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Our lab studies host–microbe interactions in the gastrointestinal tract through the activity-guided discovery of proteins, post-translational modifications, and metabolites that shape cell signaling at the molecular level.

Our primary goal is to understand how infection-associated oxidative stress influences host cell signaling and microbial adaptation to the host environment. We use a combination of chemical proteomics, genetics, and complex infection models to identify proteins that are oxidized during infection and determine how protein oxidation affects host–microbe interactions. In addition, we use mass spectrometry-based approaches to identify novel metabolites that may contribute to redox regulation in gastrointestinal bacteria. Our long-term goal is to uncover redox-signaling pathways and mechanisms of antioxidant defense that could be targeted to improve the diagnosis and treatment of diseases associated with pathogen-induced oxidative stress, including major gastrointestinal cancers.

In addition, we aim to develop new probes and antimicrobials for the precise detection and inhibition of disease-causing bacteria in the gut. The rapid diagnosis and treatment of bacterial infections is critical for controlling the spread of disease; however, selectively targeting bacterial pathogens within complex microbial communities, like those found in the human gut, remains a significant challenge. Our strategy harnesses the unique biochemical properties of pathogen proteases to selectively target pathogenic microbes in an infected host. We use genetic and biochemical methods to characterize the molecular processes that promote protease activation in the gut, and subsequently draw on these principles to design protease-specific biosensors and prodrugs that are specifically activated during infection.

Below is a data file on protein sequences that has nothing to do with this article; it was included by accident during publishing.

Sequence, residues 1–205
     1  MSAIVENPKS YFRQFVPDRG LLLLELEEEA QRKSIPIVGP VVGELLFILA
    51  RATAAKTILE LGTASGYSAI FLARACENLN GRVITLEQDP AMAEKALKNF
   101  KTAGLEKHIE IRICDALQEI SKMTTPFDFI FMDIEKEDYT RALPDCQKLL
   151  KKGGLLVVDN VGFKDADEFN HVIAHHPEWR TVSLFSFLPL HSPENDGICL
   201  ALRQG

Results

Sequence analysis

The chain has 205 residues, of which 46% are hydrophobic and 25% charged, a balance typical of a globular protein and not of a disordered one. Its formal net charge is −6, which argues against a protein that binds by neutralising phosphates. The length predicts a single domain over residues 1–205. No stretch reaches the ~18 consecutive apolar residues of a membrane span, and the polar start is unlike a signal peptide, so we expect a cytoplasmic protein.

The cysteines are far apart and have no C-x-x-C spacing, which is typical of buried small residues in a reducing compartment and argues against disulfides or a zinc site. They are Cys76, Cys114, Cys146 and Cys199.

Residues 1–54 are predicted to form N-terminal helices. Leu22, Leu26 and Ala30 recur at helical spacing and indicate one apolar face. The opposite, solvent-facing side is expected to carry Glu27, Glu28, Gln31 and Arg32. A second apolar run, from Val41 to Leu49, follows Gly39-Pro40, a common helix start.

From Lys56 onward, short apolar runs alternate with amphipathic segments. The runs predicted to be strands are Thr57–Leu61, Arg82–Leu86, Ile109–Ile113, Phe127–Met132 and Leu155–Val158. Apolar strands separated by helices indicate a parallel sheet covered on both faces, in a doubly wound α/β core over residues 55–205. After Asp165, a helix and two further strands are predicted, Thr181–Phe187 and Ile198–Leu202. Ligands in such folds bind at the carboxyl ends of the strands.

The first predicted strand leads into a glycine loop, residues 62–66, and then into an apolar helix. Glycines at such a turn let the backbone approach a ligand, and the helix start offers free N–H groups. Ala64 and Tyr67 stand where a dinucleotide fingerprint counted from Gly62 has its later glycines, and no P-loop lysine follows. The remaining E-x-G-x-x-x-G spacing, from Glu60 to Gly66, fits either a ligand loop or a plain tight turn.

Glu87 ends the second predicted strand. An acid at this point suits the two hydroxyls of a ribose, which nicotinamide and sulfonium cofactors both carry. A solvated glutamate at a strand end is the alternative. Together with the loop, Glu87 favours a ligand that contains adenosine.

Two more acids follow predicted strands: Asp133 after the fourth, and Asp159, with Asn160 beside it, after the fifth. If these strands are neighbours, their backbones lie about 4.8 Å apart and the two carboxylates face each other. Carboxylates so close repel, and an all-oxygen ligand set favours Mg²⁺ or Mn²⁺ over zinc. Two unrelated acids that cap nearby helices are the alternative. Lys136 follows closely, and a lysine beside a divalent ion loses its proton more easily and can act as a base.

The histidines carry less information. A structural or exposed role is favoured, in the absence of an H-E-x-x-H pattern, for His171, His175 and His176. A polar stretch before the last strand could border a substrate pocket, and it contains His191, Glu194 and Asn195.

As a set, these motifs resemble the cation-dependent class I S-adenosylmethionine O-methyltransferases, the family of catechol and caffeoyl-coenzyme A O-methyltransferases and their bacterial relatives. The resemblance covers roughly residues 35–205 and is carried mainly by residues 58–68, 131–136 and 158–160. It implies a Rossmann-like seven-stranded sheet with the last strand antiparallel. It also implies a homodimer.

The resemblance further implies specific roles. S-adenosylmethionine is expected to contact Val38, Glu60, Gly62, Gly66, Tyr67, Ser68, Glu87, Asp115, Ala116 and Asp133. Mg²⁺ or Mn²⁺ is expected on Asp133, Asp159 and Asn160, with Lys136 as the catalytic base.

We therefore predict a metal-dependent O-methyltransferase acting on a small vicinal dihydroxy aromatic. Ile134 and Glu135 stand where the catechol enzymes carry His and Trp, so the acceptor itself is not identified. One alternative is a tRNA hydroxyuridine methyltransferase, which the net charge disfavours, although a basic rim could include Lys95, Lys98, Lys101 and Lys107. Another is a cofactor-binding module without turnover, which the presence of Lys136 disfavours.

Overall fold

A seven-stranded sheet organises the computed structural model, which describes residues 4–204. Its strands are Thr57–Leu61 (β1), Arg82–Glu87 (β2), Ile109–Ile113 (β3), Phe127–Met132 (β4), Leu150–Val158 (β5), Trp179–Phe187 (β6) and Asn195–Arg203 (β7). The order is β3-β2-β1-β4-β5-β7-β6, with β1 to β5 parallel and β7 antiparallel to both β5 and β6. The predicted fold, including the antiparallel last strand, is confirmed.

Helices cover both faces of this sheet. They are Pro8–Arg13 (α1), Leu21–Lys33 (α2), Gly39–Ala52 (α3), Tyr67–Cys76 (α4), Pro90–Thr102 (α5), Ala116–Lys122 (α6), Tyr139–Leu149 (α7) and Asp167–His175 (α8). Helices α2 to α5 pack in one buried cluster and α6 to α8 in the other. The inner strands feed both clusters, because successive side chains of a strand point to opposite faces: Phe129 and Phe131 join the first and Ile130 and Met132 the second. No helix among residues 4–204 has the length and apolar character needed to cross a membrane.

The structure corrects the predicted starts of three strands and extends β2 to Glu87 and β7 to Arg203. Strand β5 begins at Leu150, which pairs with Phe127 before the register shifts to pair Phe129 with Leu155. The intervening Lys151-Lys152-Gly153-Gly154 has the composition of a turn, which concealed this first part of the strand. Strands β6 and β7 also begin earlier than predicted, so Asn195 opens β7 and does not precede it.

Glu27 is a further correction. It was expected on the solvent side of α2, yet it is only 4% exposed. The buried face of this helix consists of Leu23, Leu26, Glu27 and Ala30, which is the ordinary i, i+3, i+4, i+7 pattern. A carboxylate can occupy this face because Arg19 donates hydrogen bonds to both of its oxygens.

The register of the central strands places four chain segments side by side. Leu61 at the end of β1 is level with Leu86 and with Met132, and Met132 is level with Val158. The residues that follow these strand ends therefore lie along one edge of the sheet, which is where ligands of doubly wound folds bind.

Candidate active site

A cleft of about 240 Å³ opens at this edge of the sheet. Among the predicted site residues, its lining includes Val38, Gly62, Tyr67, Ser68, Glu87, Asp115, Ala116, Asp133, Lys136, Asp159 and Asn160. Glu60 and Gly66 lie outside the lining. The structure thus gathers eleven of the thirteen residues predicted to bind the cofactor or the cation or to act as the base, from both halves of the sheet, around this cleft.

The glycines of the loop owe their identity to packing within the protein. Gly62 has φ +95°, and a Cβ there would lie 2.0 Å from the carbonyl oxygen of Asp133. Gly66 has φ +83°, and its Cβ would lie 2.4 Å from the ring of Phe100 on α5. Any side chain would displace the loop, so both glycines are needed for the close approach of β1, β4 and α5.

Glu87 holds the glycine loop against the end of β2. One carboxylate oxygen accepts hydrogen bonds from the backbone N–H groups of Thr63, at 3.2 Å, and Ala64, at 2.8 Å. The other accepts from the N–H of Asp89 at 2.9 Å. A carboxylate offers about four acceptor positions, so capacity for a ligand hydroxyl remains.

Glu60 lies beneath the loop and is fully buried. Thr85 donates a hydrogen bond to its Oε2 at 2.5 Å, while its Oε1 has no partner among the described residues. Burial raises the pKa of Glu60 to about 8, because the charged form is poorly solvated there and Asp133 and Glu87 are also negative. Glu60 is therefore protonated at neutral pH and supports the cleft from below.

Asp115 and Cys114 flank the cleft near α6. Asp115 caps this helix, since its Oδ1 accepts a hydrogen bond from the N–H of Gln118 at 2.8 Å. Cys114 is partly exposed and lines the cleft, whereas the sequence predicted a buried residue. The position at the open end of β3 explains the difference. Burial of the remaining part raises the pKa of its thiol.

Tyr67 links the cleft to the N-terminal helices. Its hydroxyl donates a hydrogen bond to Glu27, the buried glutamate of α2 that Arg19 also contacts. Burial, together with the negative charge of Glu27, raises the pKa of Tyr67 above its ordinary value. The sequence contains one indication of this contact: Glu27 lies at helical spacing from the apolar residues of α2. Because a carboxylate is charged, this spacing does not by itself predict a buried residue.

By bridging the fields of chemistry and microbiology, we strive to develop new approaches that will increase basic understanding of host–microbe interactions and generate new leads for therapeutic targets, activity-based diagnostics, and drug-delivery systems.